Skip to main content
KBS_Icon_questionmark link-ico

Go to…

Dr Benjamin Dalton awarded second place in the Society for French Studies Malcolm Bowie prize

The French department is delighted to announce that Dr Benjamin Dalton, a former PhD student in the department, has been awarded second place for this year's Society for French Studies Malcolm Bowie prize for the most outstanding article published by an early career researcher during the preceding calendar year.

Ben dalton

Ben won second place for his article, ‘Forms of Freedoms: Marie Darrieussecq, Catherine Malabou, and the Plasticity of Science’, Dalhousie French Studies 115 (2020), 55-73. This is a considerable achievement given the wide international range, and the extremely high overall standard of the submissions.

Ben’s article in Dalhousie French Studies examines in particular representations of bodily plasticity in the work of the contemporary French author Marie Darrieussecq, exploring the depiction of a woman’s transformation into a pig in Pig Tales (1996) and processes of cloning in Our Life in the Forest (2017).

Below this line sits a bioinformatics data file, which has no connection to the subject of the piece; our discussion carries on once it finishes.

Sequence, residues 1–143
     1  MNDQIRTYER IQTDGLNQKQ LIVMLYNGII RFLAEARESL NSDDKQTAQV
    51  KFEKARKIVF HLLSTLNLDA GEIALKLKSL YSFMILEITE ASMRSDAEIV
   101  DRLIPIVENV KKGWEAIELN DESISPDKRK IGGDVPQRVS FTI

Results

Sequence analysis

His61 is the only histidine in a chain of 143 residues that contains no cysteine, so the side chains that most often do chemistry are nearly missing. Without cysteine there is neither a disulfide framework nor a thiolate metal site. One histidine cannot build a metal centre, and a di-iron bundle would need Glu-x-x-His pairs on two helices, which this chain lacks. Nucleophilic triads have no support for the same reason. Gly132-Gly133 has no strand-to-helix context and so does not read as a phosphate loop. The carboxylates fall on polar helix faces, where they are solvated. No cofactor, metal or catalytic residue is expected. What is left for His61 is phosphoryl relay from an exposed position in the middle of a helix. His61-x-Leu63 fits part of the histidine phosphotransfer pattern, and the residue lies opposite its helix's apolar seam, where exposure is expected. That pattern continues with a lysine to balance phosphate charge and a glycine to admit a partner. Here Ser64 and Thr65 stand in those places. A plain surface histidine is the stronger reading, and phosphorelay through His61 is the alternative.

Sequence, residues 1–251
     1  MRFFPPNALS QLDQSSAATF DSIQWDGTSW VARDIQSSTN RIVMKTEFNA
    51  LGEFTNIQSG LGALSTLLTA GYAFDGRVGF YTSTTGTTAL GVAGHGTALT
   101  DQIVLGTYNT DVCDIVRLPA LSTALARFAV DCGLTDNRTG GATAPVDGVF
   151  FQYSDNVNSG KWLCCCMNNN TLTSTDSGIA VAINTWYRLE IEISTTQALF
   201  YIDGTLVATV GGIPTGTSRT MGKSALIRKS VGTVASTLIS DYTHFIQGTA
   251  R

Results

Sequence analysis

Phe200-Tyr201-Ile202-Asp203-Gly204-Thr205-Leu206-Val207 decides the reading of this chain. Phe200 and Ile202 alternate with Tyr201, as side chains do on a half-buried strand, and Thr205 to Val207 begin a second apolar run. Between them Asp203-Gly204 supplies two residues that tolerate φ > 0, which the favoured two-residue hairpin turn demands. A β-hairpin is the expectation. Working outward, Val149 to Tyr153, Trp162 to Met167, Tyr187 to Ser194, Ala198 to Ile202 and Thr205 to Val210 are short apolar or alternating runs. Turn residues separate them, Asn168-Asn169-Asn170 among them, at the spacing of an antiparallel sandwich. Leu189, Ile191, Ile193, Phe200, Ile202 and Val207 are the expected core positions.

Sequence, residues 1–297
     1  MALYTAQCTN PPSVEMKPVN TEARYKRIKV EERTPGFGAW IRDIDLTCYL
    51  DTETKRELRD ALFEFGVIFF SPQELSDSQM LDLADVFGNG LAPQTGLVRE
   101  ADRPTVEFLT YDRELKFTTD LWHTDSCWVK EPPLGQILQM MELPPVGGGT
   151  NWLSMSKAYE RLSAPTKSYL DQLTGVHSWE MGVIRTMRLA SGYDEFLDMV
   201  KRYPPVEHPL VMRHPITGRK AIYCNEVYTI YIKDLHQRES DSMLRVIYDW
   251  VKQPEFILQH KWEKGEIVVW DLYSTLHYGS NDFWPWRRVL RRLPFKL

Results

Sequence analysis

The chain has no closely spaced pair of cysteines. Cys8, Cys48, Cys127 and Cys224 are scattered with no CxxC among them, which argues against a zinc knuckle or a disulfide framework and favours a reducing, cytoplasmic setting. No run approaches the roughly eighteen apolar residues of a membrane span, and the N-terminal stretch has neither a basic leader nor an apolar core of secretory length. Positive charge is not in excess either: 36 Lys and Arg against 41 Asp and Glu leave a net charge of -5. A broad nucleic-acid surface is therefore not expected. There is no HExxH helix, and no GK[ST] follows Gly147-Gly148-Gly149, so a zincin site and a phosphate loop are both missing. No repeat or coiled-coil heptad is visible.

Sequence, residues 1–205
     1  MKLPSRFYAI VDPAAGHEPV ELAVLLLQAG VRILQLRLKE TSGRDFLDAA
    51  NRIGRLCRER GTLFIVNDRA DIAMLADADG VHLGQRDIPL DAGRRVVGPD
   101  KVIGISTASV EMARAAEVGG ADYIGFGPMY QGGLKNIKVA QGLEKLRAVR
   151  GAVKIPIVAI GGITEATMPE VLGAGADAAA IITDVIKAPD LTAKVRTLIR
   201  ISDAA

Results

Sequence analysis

“I am really over the moon and excited to have been awarded second place in the Malcom Bowie prize. I truly believe in the plastic, transformative power of all life, and my goal in my research is to help contribute to exploring how encounters between philosophy (such as the brilliant work of Catherine Malabou), science, and art can help us discover more about, and find joy and peace in that plastic transformability! It was brilliant to write this article in the supportive and generous research environment of the French department at King’s College London, whilst working on my PhD under the supervision of Professor Patrick ffrench. My article is dedicated to my mother Rosie Dalton, who died in 2019, and who saw her final illness as a profound metamorphosis, looking at it and experiencing it with curiosity and wonder. All my thanks to the Society for French Studies for selecting this article – it means a lot to me and has energized me greatly in moving forward with this research.– Ben Dalton